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Listed under:  Mathematics  >  Geometry  >  Solids (Geometry)  >  Polyhedrons

Fun with fractals

Do you know how to recognise a fractal? Watch this video to find out! What are the examples given of fractals found in nature? Can you think of any others? Why not have a go at doing your own drawing of the Sierpinski Triangle?


reSolve: Geometry: Trapezium Pieces

This lesson explores different shapes that can be formed by cutting a trapezium in two with one straight line. Students are challenged to classify and name the shapes that are made, and justify their classifications based on the definitions and properties of shapes. The lesson is outlined in detail including curriculum ...


What is a fractal?

Do you know what a fractal is? Basically, fractals are never-ending patterns created by repeated mathematical equations. In this clip, Yuliya, a student at MIT (in the USA) describes the properties of fractals and shows you where they can be found in technology and nature. Have a good look at the world around you and see ...


reSolve: Authentic Problems: Expanded Square

This sequence of four lessons explores concepts around informal area and symmetry. Students design an 'expanded square' where approximately half the area of the original square is flipped to the outside. The lessons provide opportunities for students to devise and use methods to informally measure area, record their mathematical ...


Mixed Up Maths, Ep 13: Shapes glorious shapes

Did you know that not all pyramids have a square base? Investigate the bases and faces of some pyramids. Travel around the world as we view some famous structures. First stop, we're in search of a building that is a rectangular prism. Find out which world famous building is a pentagonal prism. See what type of 3 dimensional ...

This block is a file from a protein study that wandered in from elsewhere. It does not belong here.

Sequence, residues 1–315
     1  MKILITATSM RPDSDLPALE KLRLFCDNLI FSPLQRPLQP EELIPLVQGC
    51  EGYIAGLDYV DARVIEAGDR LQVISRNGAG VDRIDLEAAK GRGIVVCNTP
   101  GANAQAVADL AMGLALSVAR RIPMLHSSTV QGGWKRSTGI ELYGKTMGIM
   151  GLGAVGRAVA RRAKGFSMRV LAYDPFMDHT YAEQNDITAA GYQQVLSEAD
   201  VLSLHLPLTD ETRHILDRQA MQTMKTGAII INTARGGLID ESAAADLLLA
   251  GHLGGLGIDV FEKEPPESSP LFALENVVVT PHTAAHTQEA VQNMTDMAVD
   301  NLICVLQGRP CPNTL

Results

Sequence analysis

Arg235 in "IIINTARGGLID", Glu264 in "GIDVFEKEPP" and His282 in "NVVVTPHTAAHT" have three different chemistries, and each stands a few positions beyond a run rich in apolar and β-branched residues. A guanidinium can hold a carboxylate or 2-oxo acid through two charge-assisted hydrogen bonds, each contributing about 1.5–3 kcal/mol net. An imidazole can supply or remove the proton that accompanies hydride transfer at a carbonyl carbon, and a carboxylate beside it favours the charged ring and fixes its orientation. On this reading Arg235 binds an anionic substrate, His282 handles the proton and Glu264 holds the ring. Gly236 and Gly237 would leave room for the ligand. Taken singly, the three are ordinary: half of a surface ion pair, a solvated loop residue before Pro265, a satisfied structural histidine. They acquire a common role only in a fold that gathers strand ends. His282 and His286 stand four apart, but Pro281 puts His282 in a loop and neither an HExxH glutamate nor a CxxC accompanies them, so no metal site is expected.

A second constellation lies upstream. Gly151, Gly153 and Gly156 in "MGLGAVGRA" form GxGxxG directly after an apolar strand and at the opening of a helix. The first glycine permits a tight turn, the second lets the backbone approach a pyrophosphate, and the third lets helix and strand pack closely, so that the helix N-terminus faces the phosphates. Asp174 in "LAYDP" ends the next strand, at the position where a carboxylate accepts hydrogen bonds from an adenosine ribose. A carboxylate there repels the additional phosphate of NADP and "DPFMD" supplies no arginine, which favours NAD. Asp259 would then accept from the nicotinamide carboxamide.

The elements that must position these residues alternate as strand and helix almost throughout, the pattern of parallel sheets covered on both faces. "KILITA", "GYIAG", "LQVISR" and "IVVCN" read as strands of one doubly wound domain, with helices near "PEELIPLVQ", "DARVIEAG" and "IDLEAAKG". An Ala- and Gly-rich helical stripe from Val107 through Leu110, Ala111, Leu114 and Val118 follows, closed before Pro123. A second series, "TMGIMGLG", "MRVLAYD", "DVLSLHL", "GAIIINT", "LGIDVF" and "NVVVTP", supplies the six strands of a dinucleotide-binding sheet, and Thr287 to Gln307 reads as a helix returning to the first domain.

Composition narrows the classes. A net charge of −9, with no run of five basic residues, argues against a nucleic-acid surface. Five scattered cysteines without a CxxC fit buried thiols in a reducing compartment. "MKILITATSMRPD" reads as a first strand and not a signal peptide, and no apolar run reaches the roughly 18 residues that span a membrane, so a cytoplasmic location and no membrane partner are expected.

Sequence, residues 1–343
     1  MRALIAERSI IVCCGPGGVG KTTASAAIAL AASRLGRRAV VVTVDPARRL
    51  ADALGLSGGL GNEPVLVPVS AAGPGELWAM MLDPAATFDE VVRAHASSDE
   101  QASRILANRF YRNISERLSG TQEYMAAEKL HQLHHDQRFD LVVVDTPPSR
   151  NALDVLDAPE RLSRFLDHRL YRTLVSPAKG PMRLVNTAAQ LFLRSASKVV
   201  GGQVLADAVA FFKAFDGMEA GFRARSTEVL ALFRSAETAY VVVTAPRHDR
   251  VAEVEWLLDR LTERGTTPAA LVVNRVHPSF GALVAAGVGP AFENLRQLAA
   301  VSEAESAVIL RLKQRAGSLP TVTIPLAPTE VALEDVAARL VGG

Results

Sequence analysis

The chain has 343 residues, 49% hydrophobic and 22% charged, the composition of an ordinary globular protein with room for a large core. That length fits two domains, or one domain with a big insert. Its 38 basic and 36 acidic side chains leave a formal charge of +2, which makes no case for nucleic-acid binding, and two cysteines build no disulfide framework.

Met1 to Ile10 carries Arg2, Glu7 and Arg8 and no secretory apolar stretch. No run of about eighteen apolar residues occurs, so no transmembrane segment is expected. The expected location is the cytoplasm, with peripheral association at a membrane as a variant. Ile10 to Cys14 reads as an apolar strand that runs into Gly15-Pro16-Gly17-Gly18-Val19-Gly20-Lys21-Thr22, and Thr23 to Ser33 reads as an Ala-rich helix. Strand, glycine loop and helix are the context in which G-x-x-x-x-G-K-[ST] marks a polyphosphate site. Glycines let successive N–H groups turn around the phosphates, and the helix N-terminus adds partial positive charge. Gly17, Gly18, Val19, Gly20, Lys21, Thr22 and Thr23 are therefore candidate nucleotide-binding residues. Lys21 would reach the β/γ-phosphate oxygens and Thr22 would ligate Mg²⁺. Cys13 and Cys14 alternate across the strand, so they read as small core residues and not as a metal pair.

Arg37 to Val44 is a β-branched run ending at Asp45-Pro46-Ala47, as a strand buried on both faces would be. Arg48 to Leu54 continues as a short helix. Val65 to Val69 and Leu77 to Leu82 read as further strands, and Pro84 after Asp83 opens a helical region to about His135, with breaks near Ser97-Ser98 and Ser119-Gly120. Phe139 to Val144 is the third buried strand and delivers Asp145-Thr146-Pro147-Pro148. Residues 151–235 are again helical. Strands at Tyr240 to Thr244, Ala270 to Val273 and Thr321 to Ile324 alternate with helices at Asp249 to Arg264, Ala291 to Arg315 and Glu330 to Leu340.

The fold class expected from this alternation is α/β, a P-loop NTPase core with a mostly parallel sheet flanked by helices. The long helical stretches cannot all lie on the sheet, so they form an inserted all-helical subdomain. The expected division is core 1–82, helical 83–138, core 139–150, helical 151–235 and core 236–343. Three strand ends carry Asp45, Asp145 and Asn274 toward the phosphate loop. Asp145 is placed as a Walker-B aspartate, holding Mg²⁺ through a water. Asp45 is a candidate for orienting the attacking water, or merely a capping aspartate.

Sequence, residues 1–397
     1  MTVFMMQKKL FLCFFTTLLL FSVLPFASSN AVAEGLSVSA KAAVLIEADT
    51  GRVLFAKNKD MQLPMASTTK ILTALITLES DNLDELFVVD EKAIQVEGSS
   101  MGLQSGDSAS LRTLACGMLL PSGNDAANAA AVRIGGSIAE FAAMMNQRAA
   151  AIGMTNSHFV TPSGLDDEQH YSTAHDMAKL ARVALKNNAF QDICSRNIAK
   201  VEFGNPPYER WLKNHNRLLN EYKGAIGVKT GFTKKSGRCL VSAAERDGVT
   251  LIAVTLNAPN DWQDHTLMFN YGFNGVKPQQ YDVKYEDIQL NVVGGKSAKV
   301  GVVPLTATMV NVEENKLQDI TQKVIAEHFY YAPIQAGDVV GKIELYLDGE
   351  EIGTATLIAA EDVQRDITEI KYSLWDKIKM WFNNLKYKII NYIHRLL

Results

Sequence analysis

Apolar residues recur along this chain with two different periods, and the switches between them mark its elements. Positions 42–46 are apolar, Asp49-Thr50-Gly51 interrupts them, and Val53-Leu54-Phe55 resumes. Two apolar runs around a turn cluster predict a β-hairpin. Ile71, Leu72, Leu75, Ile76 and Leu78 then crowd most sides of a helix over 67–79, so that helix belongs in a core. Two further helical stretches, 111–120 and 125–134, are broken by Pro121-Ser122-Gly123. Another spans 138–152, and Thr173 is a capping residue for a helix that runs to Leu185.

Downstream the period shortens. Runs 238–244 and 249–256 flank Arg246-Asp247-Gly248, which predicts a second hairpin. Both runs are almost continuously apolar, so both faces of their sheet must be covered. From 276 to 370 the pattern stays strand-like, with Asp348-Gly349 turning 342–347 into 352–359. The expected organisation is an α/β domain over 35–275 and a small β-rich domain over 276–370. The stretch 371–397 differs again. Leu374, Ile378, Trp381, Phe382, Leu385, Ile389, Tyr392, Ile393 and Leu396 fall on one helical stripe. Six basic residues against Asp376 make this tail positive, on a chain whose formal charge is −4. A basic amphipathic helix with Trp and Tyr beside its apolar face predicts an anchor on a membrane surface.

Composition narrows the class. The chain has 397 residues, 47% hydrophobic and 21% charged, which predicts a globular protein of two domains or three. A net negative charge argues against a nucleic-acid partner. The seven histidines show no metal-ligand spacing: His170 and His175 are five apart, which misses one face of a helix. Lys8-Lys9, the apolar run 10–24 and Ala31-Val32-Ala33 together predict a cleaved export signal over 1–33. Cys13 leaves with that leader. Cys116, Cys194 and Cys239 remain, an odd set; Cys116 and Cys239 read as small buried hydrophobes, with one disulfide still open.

MathXplosion, Ep 4: Tessellation tricks

Learn how two shapes from a repeating tile cause a pattern to undergo a metamorphosis. Create the illusion of one animal slowly transforming into another, line by line. Is it a bird? Is it a fish?


MathXplosion, Ep 45: How to make an origami frog

Origami folds have associated geometric patterns or "paper trails" in which we are able to visualise different types of triangles, angles, polygons, lines and symmetry. Use these patterns to turn a two-dimensional flat sheet of paper into a three-dimensional hopping frog!


Face painter: finding faces 1

Identify polygons on a range of prisms and polyhedra such as a cube, square pyramid or triangular prism. Picture in your head all sides of a solid. Estimate how many faces the object has. Rotate it to see all of its faces. Paint each face of a given shape such as a triangle or rectangle.